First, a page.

Methodological and physiological test-retest reliability of 13 C-MRS glycogen measurements in liver and in skeletal muscle of patients with type 1 diabetes and matched healthy controls Test-Retest Reliability of Liver and Muscle Glycogen Determination
Buehler Tania, Bally Lia, Dokumaci Ayse Sila, Stettler Christoph, Boesch Chris (2016), Methodological and physiological test-retest reliability of 13 C-MRS glycogen measurements in liver and in skeletal muscle of patients with type 1 diabetes and matched healthy controls Test-Retest Reliability of Liver and Muscle Glycogen Determination, in NMR in Biomedicine, 29(6), 796-805.
Hepatic and intramyocellular glycogen stores in adults with type 1 diabetes and healthy controls
Bally L., Buehler T., Dokumaci A.S., Boesch C., Stettler C. (2015), Hepatic and intramyocellular glycogen stores in adults with type 1 diabetes and healthy controls, in Diabetes Research and Clinical Practice, 109(1), e1-e3.

Collaboration

Group / person Country
Types of collaboration
Group of Prof. Chris Boesch, Unit for Magnetic Resonance Spectroscopy Switzerland (Europe)
- in-depth/constructive exchanges on approaches, methods or results
- Publication
- Research Infrastructure
University Institute of Clinical Chemistry, Bern University Hospital and University of Bern Switzerland (Europe)
- in-depth/constructive exchanges on approaches, methods or results
- Publication
- Research Infrastructure
University of Cambridge UK Great Britain and Northern Ireland (Europe)
- Exchange of personnel
Group of Prof. Luc Tappy, University of Lausanne Switzerland (Europe)
- in-depth/constructive exchanges on approaches, methods or results
- Publication
- Research Infrastructure
Universitätsklinik für Endokrinologie/Diabetologie Graz Austria (Europe)
- in-depth/constructive exchanges on approaches, methods or results
- Exchange of personnel

Scientific events

Active participation

Title Type of contribution Title of article or contribution Date Place Persons involved
Annual Meeting of the Swiss Society of Endocrinology & Diabetes Talk given at a conference Metabolomic profiling during different exercise conditions in type 1 diabetes 16.11.2016 Bern, Switzerland Stettler Christoph; Bally Lia;
Jahrestagung der Schweiz Gesellschaft für Sportmedizin Talk given at a conference Exercise and Hormones 28.10.2016 Interlaken, Switzerland Stettler Christoph;
52nd European Association for the Study of Diabetes (EASD) Annual Meeting Poster Metabolic effects of combined fructose-glucose supplementation versus glucose alone in exercising individuals with type 1 diabetes 12.09.2016 Munich, Germany Tappy Luc; Zwygart-Brügger Karin; Kempf Patrick; Boesch Chris; Bally Lia; Wilhelm Matthias; Stettler Christoph;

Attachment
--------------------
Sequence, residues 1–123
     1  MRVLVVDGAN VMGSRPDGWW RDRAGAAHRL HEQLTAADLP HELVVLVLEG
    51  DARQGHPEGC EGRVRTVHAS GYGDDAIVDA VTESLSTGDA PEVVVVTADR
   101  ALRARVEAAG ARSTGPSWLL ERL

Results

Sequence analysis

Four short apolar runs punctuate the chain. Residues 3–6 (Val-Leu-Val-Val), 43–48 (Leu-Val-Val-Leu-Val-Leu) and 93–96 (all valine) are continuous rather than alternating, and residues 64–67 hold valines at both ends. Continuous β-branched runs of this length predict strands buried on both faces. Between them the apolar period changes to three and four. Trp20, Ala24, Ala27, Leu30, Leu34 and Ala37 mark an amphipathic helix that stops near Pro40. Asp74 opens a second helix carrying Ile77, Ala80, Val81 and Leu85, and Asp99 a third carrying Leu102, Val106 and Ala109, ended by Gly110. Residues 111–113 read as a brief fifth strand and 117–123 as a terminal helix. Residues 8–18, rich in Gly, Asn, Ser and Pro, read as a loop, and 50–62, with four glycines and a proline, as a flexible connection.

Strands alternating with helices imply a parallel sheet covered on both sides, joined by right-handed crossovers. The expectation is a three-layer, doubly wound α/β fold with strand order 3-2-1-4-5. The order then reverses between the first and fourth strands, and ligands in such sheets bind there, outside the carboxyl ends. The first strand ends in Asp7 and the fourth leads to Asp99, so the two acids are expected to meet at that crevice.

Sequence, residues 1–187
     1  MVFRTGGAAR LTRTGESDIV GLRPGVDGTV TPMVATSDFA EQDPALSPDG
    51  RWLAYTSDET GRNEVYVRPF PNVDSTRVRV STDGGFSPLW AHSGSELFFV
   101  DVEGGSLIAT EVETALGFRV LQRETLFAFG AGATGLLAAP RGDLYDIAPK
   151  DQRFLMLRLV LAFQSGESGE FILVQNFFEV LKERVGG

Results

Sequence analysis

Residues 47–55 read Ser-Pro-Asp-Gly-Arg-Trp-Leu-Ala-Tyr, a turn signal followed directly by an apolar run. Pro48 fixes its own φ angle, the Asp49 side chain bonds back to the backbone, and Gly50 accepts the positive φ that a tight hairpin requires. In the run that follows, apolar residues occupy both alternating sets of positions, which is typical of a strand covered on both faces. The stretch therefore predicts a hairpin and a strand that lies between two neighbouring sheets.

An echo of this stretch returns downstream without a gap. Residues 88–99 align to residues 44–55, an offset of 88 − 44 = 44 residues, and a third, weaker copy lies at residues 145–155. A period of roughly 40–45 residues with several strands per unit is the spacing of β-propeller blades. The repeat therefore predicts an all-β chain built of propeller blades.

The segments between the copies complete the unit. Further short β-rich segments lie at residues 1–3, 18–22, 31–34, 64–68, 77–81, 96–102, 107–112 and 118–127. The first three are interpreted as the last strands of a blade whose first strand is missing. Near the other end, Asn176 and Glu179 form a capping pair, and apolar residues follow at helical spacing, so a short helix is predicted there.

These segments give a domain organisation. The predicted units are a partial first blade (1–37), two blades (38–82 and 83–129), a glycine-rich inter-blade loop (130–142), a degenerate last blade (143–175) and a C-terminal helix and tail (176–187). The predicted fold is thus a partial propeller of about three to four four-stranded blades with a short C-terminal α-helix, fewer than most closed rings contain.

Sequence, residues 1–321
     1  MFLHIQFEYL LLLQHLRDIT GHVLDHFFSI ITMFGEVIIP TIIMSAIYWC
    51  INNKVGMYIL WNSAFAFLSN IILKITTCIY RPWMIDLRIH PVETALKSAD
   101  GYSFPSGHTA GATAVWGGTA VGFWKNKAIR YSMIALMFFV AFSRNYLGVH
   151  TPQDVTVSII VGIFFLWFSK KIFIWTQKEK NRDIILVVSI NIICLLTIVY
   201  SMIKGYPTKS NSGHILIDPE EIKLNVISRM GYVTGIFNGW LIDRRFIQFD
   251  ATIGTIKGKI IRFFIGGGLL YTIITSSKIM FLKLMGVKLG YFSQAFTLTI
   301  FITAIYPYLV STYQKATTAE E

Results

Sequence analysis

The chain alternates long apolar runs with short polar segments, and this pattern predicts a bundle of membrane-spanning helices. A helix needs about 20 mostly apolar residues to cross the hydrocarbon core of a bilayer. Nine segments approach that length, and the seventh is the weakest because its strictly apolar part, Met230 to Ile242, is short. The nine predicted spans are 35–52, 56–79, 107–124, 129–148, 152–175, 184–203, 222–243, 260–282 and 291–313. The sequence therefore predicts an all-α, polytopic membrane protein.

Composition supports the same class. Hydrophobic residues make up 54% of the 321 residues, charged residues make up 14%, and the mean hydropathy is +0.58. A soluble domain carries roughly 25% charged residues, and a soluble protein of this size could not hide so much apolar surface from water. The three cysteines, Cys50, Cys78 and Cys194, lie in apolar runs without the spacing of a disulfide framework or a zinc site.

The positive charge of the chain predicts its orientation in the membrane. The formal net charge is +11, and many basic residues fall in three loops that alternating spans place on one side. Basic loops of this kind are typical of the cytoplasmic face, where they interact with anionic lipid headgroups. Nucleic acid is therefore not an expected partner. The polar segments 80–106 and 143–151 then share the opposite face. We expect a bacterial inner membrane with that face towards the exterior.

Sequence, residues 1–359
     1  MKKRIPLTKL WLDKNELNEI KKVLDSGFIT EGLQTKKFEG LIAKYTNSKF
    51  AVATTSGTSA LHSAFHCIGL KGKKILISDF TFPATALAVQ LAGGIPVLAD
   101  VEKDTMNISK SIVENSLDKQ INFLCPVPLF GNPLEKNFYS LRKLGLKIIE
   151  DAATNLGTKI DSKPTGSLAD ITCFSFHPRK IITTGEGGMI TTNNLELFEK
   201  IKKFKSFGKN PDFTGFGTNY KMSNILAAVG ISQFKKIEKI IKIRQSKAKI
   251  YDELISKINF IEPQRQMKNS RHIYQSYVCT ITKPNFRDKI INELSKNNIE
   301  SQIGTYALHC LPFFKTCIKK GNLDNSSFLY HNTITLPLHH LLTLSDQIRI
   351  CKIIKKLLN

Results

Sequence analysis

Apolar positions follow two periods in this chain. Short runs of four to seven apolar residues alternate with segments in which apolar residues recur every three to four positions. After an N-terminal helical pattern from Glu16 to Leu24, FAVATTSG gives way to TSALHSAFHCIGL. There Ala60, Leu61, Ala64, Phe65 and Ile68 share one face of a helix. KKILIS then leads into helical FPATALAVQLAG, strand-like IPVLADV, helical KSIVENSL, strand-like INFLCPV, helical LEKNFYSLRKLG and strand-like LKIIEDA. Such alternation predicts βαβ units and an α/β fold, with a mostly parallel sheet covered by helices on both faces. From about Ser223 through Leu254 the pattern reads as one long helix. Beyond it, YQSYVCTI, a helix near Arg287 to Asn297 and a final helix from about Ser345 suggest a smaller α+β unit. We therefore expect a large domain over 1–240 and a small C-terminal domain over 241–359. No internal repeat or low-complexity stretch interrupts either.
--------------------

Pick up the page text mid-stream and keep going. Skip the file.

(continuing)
Annual Meeting of the Swiss Society for Endocrinology and Diabetes Talk given at a conference Type 1 Diabetes and Physical Exercise - from the lab to real world - Plenary Lecture 13.11.2015 Bern, Switzerland Stettler Christoph;
Annual Meeting of the Swiss Society of Endocrinology & Diabetes Talk given at a conference Differences in metabolic response to co-ingestion of fructose and glucose vs. glucose alone during prolonged exercise in individuals with type 1 diabetes 12.11.2015 Bern, Switzerland Boesch Chris; Stettler Christoph; Zwygart-Brügger Karin; Bally Lia; Tappy Luc; Wilhelm Matthias;
51st European Association for the Study of Diabetes (EASD) Annual Meeting Poster Glucose metabolism under differing exercise conditions in type 1 diabetes 16.09.2015 Stockholm, Sweden Zwygart-Brügger Karin; Boesch Chris; Wilhelm Matthias; Stettler Christoph; Tappy Luc; Bally Lia;
8th International Conference on Advanced Technologies & Treatments for Diabetes (ATTD) Talk given at a conference Accuracy of continuous glucose monitoring during resting and exercise conditions in individuals with type 1 diabetes 18.02.2015 Paris, France Bally Lia; Stettler Christoph;
Annual Meeting of the Swiss Society of Endocrinology & Diabetes Talk given at a conference Carbohydrate requirements during intermittent high intensity exercise compared to continuous moderate intensity exercise in individuals with type 1 diabetes 27.11.2014 Bern, Switzerland Zwygart-Brügger Karin; Stettler Christoph; Boesch Chris; Tappy Luc; Wilhelm Matthias; Bally Lia;


Knowledge transfer events

Active participation

Title Type of contribution Date Place Persons involved
MEDGES DGRB Talk 24.11.2016 Basel, Switzerland Stettler Christoph;
Nordwestschweizer Diabetessymposium Talk 25.08.2016 Basel, Switzerland Stettler Christoph;


Self-organised

Title Date Place
Type 1 diabetes and exercise 03.06.2016 Bern, Switzerland

Communication with the public

Communication Title Media Place Year
Talks/events/exhibitions Type 1 diabetes and exercise German-speaking Switzerland 2016

Awards

Title Year